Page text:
Efficient energy transfer and electron transfer in an artificial photosynthetic antenna-reaction center complex

Gerdenis Kodis, Paul A. Liddell, Linda De la Garza, P. Christian Clausen, Jonathan S. Lindsey, Ana L Moore, Thomas A Moore, John Devens Gust

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Abstract

A highly efficient functional mimic of a photosynthetic antenna-reaction center complex has been designed, synthesized, and studied spectroscopically. The antenna, consisting of four covalently linked zinc tetraarylporphyrins, (PZP)3-PZC, has been coupled to a free-base porphyrin-fullerene artificial photosynthetic reaction center, P-C60, to form a (PZP)3-PZC-P-C60 hexad. As revealed by time-resolved absorption and emission studies in 2-methyltetrahydrofuran solution at ambient temperature, excitation of a peripheral zinc porphyrin moiety is followed by singlet-singlet energy transfer to the central zinc porphyrin to give (PZP)3-1PZC-P-C60 with a time constant of 50 ps. The excitation is passed on to the free-base porphyrin in 32 ps to produce (PZP)3-PZC-1P-C60, which decays by electron transfer to the fullerene with a time constant of 25 ps. The resulting (PZP)3-PZC-P.+-C60.- charge-separated state is generated with a quantum yield of 0.98 based on light absorbed by the porphyrin antenna. Direct excitation of the free-base porphyrin moiety or the fullerene also generates this state with a yield near unity. Thermodynamically favorable migration of positive charge into the zinc porphyrin array transforms the initial state into a long-lived ((PZP)3-PZC).+-P-C60 .- charge-separated state with a time constant of 380 ps. The final charge-separated state, formed in high yield (∼0.90), decays to the ground state with a lifetime of 240 ns. In benzonitrile, the lifetime is 25 μs. A previous hexad, which differs from the current hexad solely in the nature of the free-base porphyrin, gave a charge-separated state with a lower yield (0.69) and a shorter lifetime (1.3 ns). The difference in performance is attributed to differences in electronic composition (a2u versus a1u HOMO), conformation, and oxidation potential (1.05 versus 0.84 V) between the meso-tetraarylporphyrin and the β-octaalkylporphyrin of the current and former hexads, respectively. These results can be explained on the basis of an understanding of factors that affect through-bond energy-transfer and electron-transfer processes. The results demonstrate that it is possible to design and prepare synthetic, porphyrin-based antenna-reaction center complexes that mimic the basic photochemical functions of natural photosynthetic light-harvesting antennas and reaction centers in simple, structurally well-defined constructs.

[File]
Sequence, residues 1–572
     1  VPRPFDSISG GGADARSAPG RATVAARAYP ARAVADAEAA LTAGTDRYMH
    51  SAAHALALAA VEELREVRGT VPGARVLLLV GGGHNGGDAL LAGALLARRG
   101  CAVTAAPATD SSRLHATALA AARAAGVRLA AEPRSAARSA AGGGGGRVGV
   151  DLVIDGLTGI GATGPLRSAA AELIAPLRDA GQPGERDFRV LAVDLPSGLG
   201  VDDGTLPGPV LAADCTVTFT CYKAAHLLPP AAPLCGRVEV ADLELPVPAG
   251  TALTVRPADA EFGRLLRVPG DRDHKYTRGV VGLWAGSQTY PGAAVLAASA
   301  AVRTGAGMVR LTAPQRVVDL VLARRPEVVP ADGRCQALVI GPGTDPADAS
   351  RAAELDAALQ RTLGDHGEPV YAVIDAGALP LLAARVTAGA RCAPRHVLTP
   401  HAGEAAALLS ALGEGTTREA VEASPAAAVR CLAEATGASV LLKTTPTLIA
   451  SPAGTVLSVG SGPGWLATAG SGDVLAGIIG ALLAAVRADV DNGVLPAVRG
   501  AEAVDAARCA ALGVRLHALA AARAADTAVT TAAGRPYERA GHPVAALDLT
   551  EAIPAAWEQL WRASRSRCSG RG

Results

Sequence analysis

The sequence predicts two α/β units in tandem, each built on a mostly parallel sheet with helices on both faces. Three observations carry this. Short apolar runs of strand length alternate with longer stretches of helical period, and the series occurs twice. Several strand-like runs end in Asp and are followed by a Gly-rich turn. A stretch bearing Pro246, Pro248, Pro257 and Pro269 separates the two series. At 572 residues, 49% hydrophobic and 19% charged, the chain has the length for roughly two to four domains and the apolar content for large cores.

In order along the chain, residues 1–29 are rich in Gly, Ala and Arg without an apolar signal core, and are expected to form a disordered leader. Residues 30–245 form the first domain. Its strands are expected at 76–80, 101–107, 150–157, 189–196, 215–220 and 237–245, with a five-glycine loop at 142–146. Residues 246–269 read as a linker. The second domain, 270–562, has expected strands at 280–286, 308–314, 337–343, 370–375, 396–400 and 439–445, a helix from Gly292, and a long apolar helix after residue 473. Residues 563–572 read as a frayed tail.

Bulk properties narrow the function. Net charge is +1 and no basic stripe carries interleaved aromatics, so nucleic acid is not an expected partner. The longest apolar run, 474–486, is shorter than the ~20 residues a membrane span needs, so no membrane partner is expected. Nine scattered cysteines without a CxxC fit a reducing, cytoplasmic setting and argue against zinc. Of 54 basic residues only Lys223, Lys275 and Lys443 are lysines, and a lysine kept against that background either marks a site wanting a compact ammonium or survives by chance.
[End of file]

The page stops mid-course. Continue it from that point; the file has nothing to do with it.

Original languageEnglish
Pages (from-to)2036-2048
Number of pages13
JournalJournal of Physical Chemistry A
Volume106
Issue number10
DOIs
Publication statusPublished - Mar 14 2002

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Porphyrins
porphyrins
Energy transfer
electron transfer
antennas
energy transfer
Antennas
Fullerenes
Electrons
zinc
time constant
fullerenes
Photosynthetic Reaction Center Complex Proteins
life (durability)
Quantum yield
Ground state
excitation
Conformations
Zinc
decay

ASJC Scopus subject areas

  • Physical and Theoretical Chemistry